The ruler of the Emirate of Sharjah has lost complaints about coverage of his son’s death in the Sun, Mail and Metro newspapers, having deemed the timing of their articles to be “insensitive”.
Prince Khalid Al Qasimi, founder and creative director of fashion brand Qasimi, died aged 39 at his London penthouse on 1 July after taking drugs, as confirmed by an inquest in December.
Sultan bin Muhammad Al Qasimi (pictured), who has ruled the UAE’s third largest city Sharjah since 1972, made five formal complaints to the Independent Press Standards Organisation about nine different stories about his fashion designer son’s death and funeral.
He originally complained to Associated Newspapers over the Metro and Mail stories, but these must be treated separately under IPSO rules as they have separate editorial teams.
The stories complained about were:
- “A father’s grief: Emir of Sharjah stands over his son Prince Khalid Al Qasimi’s body at royal funeral after ‘sex and drugs orgy’ death in London” and “Prince dies: Who was fashion designer Khalid al Qasimi and what was his cause of death?” – Sun Online, both 3 July 2019
- “Prince dies in sex and drugs orgy” and “Orgy prince’s funeral” – The Sun, 3 and 4 July 2019
- “Did sheikh’s son die after drugs party at £8m flat?” and “The House of Grief” – Daily Mail, 4 and 10 July 2019
- “The ruler of Sharjah stands over the body of his son as funeral is held in UAE for the fashion chain-owner, 39, following ‘drug orgy death at London penthouse’” and “UAE Emir’s son found dead in Knightsbridge penthouse ‘threw drug-fuelled orgies attended by high-class prostitutes, took meth so sex lasted longer and turned into a ‘monster’ after a heavy weekend of partying” – Mail Online, both 3 July 2019
- “Sheikh bids farewell to son ‘dead at drug-fuelled party’” – Metro (in print and online), 4 July 2019
Sheikh Dr Sultan and his family claimed the timing of the stories published on the day of his son’s funeral was “insensitive”, “flippant” and “gratuitous” and were in breach of Clause 4 (Intrusion into grief or shock) of the Editors’ Code of Practice.
He criticised “excessive” and sometimes “sensationalist” speculation on the prince’s cause of death before an inquest had been held, and the level of detail provided on the circumstances in which his body was found.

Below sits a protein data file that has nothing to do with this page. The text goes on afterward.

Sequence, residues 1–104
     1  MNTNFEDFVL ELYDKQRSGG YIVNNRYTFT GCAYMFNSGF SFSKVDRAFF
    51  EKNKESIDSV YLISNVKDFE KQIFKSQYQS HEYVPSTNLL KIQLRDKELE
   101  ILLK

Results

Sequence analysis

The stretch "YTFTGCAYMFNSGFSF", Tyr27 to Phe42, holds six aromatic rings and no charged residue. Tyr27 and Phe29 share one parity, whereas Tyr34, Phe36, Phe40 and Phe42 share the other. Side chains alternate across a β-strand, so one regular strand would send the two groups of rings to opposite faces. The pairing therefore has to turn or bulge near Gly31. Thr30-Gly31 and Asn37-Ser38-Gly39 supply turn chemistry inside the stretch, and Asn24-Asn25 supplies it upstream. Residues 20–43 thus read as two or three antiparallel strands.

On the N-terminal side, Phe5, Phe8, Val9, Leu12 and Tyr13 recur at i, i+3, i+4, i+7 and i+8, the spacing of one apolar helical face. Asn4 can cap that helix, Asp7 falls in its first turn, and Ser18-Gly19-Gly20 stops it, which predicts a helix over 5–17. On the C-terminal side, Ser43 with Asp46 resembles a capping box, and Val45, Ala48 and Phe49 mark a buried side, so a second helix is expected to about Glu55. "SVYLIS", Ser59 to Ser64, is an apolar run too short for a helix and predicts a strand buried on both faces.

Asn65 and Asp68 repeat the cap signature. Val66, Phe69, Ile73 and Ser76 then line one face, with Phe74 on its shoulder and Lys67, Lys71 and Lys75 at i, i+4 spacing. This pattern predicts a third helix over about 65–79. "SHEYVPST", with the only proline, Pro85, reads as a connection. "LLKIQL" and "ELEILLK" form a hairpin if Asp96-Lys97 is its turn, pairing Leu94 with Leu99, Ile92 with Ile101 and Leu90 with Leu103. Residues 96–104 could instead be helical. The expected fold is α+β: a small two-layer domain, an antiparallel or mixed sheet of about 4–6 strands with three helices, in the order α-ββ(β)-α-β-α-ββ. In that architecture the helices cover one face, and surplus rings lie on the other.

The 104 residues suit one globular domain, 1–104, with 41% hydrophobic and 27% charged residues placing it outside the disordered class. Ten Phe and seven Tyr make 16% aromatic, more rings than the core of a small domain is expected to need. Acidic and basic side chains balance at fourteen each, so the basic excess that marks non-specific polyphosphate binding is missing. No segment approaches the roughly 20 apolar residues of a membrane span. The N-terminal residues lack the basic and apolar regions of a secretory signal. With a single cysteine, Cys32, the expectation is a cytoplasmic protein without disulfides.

The complaints also condemned “insensitive” references to Prince Khalid’s brother, who died of a heroin overdose in 1999, and the fact that photos and videos showing both the deceased’s covered body and his father in a state of grief had been published.
The Sun told IPSO one of its “highly experienced” journalists had been told by a reliable and confidential source that a party with drink and drugs had been held at the prince’s apartment the night before his death.
It noted the accuracy of its information had not been questioned by the prince’s family and that the reporter subsequently had the details confirmed by other sources, making a coroner’s finding unnecessary.
The Daily Mail said its articles only briefly and sensitively referred to speculative details, adding that the prince was a prominent figure whose death would therefore naturally attract press attention but that it had done so in a respectful tone.
The Metro said it had published a “straightforward news report” repeating source claims from another national newspaper , adding it had “not ridiculed Prince Khalid in any way”.
IPSO dismissed all five complaints, saying it was not insensitive to publish articles on the day of the funeral.
“Journalists have a right to report the fact of a person’s death, even if surviving family members would prefer for there to be no reporting,” the committee said.
The regulator also said the Editors’ Code “does not require that publications sanitise the circumstances of a death”, backing the titles’ right to publish source claims.
It noted the Sun had still taken steps to avoid excessive and gratuitous detail in its original reporting.
IPSO went on to note that the images published of the funeral had been put into the public domain initially with the family’s consent, adding that they “showed a televised state funeral of a prominent member of the Sharjah royal family rather than a private occasion”.
Picture: Reuters/Alex Grimm